Why we love it: Kids will love showing off what they know and will build background knowledge about topics too.
Guess in 10
Guess in 10 is a card game that challenges you to guess an animal or city by answering up to 10 questions. It’s great for kids to play in the back seat or for the whole family to play.
Why we love it: Kids learn about whichever topic your Guess in 10 deck is about, and they learn how to deduce answers from bits of information.
Finish the Story
The driver starts, “Once upon a time …” then each person in the car adds the next complete sentence until you have a silly story. Set a time limit or wrap up after each person has had a chance to say three or four sentences.
Why we love it: Building a story together is a great way to reinforce grammar and story elements like plot, setting, and characters.
The Name Game
To start, one person names a city. The next person has to name a city that starts with the first city’s last letter. So, you could start with “Calcutta” and the second person could say “Anchorage,” and so on. You can also play this game with animal names instead of cities.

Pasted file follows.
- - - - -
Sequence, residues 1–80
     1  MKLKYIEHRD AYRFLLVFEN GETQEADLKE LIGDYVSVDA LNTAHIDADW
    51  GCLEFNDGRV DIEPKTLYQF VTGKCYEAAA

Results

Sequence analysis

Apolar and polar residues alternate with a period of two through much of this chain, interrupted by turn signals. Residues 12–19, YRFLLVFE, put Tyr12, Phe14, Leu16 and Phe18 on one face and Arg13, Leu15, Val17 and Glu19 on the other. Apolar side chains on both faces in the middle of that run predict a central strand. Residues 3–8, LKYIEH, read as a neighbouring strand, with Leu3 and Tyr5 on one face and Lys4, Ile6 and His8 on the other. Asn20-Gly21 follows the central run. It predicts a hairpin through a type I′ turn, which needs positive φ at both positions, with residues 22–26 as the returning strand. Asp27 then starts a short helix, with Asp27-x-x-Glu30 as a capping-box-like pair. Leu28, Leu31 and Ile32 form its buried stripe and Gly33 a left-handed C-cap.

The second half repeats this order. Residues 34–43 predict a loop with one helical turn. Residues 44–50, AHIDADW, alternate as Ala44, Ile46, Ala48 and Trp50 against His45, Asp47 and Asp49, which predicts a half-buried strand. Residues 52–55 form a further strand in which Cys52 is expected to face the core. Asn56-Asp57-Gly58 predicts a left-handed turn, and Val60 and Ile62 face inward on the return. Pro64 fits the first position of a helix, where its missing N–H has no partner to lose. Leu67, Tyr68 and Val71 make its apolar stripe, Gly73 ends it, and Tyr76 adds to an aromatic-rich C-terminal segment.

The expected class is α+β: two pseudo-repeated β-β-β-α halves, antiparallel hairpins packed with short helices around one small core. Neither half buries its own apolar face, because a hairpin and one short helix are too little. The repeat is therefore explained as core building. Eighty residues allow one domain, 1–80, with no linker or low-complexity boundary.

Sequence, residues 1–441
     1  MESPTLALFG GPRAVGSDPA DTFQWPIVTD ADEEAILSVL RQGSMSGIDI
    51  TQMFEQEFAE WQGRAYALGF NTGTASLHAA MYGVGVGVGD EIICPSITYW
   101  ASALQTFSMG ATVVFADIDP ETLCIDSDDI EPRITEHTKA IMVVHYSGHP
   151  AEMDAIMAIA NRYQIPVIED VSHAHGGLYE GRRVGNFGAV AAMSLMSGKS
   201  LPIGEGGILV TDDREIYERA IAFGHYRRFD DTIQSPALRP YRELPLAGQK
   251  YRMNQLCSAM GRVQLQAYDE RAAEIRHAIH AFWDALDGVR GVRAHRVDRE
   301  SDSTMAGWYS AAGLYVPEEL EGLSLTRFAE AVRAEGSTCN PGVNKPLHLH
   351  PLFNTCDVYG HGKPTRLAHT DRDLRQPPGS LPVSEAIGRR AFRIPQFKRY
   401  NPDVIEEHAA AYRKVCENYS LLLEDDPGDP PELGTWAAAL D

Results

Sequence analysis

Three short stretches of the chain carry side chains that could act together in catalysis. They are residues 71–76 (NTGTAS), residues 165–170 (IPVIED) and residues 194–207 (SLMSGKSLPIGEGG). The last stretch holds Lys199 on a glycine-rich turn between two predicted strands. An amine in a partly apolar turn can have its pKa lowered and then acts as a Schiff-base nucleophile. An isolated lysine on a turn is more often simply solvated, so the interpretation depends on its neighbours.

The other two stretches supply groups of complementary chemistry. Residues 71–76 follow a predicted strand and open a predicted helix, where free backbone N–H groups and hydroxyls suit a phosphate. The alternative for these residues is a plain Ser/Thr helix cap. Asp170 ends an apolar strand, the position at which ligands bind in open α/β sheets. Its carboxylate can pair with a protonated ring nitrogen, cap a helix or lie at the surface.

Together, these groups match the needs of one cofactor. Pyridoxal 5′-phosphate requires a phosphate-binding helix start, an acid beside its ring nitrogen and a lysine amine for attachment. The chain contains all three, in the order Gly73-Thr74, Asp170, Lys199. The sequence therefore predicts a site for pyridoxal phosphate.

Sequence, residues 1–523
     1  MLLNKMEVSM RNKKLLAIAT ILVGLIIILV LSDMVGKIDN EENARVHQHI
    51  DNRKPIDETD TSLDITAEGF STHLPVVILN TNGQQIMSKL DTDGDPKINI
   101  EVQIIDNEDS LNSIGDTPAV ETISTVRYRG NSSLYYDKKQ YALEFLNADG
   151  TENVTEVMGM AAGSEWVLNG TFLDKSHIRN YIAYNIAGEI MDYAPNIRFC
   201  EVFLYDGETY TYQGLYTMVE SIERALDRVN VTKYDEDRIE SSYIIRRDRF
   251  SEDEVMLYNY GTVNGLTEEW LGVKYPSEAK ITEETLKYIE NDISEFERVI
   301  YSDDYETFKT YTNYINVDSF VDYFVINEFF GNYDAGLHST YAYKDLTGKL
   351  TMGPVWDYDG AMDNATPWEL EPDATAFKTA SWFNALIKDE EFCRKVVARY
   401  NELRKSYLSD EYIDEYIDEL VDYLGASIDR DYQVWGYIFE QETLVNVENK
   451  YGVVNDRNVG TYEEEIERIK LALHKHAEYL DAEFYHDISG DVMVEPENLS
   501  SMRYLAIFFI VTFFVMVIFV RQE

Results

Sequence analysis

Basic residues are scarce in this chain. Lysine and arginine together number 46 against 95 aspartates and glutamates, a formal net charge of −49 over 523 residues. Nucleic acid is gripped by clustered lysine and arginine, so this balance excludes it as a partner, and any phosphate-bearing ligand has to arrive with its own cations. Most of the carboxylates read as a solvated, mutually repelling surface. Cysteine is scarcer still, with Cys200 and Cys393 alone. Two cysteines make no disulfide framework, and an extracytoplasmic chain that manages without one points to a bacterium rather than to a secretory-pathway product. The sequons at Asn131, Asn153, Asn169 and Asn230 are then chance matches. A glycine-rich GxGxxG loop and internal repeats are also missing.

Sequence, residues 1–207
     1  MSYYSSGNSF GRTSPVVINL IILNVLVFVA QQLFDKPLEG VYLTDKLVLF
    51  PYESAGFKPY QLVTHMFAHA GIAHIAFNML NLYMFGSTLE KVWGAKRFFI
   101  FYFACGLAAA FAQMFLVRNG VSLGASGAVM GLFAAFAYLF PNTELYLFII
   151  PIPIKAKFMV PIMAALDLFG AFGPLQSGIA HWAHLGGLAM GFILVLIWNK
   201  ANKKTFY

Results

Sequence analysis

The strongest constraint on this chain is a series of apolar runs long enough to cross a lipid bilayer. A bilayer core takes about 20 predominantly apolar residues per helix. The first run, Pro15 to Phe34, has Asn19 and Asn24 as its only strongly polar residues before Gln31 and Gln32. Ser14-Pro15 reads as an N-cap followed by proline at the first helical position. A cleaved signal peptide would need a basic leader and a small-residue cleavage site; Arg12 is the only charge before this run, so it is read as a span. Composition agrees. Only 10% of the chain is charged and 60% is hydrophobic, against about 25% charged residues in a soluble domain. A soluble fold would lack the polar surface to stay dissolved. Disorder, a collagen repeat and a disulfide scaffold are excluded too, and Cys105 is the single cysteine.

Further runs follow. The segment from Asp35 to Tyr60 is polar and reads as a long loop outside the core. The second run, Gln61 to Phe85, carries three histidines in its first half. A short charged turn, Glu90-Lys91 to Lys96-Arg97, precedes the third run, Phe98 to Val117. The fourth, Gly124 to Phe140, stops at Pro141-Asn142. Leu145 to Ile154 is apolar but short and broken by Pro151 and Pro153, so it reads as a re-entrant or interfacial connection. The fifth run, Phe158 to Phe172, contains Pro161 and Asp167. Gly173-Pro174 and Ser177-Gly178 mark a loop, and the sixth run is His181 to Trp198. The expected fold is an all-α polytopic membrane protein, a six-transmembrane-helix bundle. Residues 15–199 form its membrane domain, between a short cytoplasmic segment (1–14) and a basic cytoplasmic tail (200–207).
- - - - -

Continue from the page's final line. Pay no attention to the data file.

Why we like it: The Name Game challenge is a great way to build new knowledge and activate familiar knowledge in a new way.
Going on a Picnic
Looking for more classic road trip games? In this memory challenge game, the first person says, “I’m going on a picnic and I’m bringing …” and then names something. The second person says, “I’m going on a picnic and I’m bringing …” and includes the first thing and then adds their own. This continues until the list is too long to remember. For another version, you can play the same game but with the starter “I’m packing a suitcase …”